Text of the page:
OSCon 2k6 Day 4 and 5 : Lots of Talks, the Bof, Poker, and the Morning After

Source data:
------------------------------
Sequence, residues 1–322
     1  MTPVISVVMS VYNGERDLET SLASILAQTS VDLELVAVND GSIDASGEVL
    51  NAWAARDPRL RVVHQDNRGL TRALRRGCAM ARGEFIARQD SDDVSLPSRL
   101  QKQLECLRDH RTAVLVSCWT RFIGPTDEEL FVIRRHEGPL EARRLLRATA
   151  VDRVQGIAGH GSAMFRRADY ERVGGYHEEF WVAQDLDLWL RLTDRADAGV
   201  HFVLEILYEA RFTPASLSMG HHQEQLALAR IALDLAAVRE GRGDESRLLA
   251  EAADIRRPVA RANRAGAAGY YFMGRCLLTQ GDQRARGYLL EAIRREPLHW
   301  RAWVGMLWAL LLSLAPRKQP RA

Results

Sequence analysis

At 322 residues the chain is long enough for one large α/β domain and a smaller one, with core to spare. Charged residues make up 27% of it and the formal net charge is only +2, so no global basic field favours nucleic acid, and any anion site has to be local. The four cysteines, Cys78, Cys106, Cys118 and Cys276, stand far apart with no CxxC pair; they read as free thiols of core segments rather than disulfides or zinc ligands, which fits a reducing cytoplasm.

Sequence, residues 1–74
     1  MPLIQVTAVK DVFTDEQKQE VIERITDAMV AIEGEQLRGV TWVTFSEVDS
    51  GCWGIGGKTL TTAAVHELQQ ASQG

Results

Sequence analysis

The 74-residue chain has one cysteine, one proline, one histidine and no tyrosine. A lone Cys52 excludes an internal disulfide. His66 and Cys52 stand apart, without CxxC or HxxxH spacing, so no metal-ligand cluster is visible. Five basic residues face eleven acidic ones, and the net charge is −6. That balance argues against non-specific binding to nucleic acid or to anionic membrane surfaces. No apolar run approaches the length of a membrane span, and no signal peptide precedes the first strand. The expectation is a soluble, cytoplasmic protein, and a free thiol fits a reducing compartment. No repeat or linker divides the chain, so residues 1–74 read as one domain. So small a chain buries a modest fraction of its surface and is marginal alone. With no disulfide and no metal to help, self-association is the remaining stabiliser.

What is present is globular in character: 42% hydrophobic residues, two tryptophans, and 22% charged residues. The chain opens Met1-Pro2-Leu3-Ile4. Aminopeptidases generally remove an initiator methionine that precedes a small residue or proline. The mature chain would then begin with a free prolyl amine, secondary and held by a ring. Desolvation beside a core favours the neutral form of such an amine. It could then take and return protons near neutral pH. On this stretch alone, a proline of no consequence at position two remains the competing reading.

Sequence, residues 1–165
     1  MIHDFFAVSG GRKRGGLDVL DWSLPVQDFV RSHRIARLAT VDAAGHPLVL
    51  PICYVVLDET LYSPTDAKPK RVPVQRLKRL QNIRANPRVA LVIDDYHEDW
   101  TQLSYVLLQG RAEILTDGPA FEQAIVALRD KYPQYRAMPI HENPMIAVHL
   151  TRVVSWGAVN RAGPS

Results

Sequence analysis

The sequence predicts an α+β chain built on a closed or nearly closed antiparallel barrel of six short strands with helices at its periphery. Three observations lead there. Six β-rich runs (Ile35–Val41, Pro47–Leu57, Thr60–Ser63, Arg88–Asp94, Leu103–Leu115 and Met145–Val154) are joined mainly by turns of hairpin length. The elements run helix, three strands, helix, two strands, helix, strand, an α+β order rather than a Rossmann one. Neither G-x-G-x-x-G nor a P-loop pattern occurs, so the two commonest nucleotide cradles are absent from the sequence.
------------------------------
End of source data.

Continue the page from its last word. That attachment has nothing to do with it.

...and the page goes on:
Man, it has been such a busy week I haven’t had time to keep up. After my talk yesterday I chatted with a few ruby/rails users on the way to the PostgreSQL Time Travel tables talk. It has some nifty ideas, I might have to do a [http://pgfoundry.org/projects/dbsamples/ pagila] based article on it just to play with it. After that blew off the out joins talk to go see the marketing to Dilbert talk. The idea of the talk was how to get developers interested in your project. Since I’m involved in a number of projects and also want more developers, I thought it would be interesting. Unfortunately it was really oriented towards companies, so it didn’t do a lot for me, though one nugget of wisdom they had was the idea that “marketing creates monopoly”. His example was that the microsoft folks were good marketers, and now they have a monopoly. I can think of some open source projects that also won their markets with a lot of marketing, and now are the dominate player. After that I went to Christopher Browne’s PostgreSQL performance tuning talk. While it wasn’t exactly exciting, it was the type of deep technical information a PostgreSQL user might come to a conference. Following that went to the free-software in Venezuela talk, which had an interesting overview of how open source is taking hold in that country (and being funded by the government no less). One thing I had to wonder about was, with all of that activity going on, do we have any PostgreSQL user groups or advocates working in that country? After that I went to the Art of Community lightening talks. It was somewhat interesting though not earth shattering… the more unfortunate thing being that it ran over a bit, giving me no time between the talk and the PostgreSQL BOF to get dinner. Chris Browne and I order a pizza from the nebulous “Kustom Pizza” which turned out to be good, but at $30 seemed a bit overpriced. The PostgreSQL BOF actually turned out to be pretty good. We discussed a number of hot topics including Pervasives recent announcement, Sun’s new entry into PostgreSQL, the PostgreSQL Summit, and some upcoming features for 8.2. We also took some questions from the crowd, and then did a book giveaway involving a number of books from [http://www.amazon.com/gp/product/0672327562/sr=8-1/qid=1154109686/ref=pd_bbs_1/104-0410869-2941514?ie=UTF8 Sam’s] and [http://www.amazon.com/gp/product/1590595475/sr=8-4/qid=1154109686/ref=pd_bbs_4/104-0410869-2941514?ie=UTF8 Apress] [http://www.amazon.com/gp/product/1590594789/sr=8-2/qid=1154109686/ref=pd_bbs_2/104-0410869-2941514?ie=UTF8 Publishing]. After I got out of the pg bof, I went to the gpg bof, but I hadn’t brought my gpg key cards, and was too tired to actually write my key out properly (I tried, and kept coming up one number short). From there I was trying to decide which party/gathering to head to when I stumbled upon a friendly little poker game. With [http://www.sqlite.org/index.html Richard Hipp] busting out, I hopped into the open seat, doling out some left over pizza to help flesh out my short stack. We played a mix of Omaha, Texas Hold ‘Em, 7 card hi lo, and a quick round of “between the sheets”. I hadn’t ever played between the sheets before, so I was a bit nervous, but after someone showed when to go in and and pull out, I was able to fake my way through it enough to get a big payoff at the end. After poker I was bushed, so headed back to the hotel and promptly passed out. Luckily I had waffles to look forward to in the morning, so I was able to drag myself out of bed this morning and make it on down for the keynotes. Friday keynotes tend to be pretty good and this year was no exception. The first speaker discussed some of the history of early IBM computers; something I was afraid would be horrendously dry and boring but which turned out to be pretty entertaining. After that was a talk on open source interaction wrt the government. One low hanging fruit of mention was pestering the government over bad html and broken links, which seem to be all too common a problem with govt. sites which should be able to hire decent web masters. The last hurrah though was Damian Conway’s cXap talk, which was hilarious. This was probably the best of the keynotes (Sierras being the main contender), there are already photos up on flickr for those interested. The rest of the morning will consist of David Wheelers OR mapping talk which I went to mainly since I saw this talk last year, and needed some place to get caught up on blogging. (Yep, it’s going on right now) and then 1 more before the closing keynotes. For those with time on your hands, dig around and see if you can find some info on solaris and the gpl [[image /xzilla/templates/default/img/emoticons/smile.png alt=”:-)” style=”display: inline; vertical-align: bottom;” class=”emoticon” /]]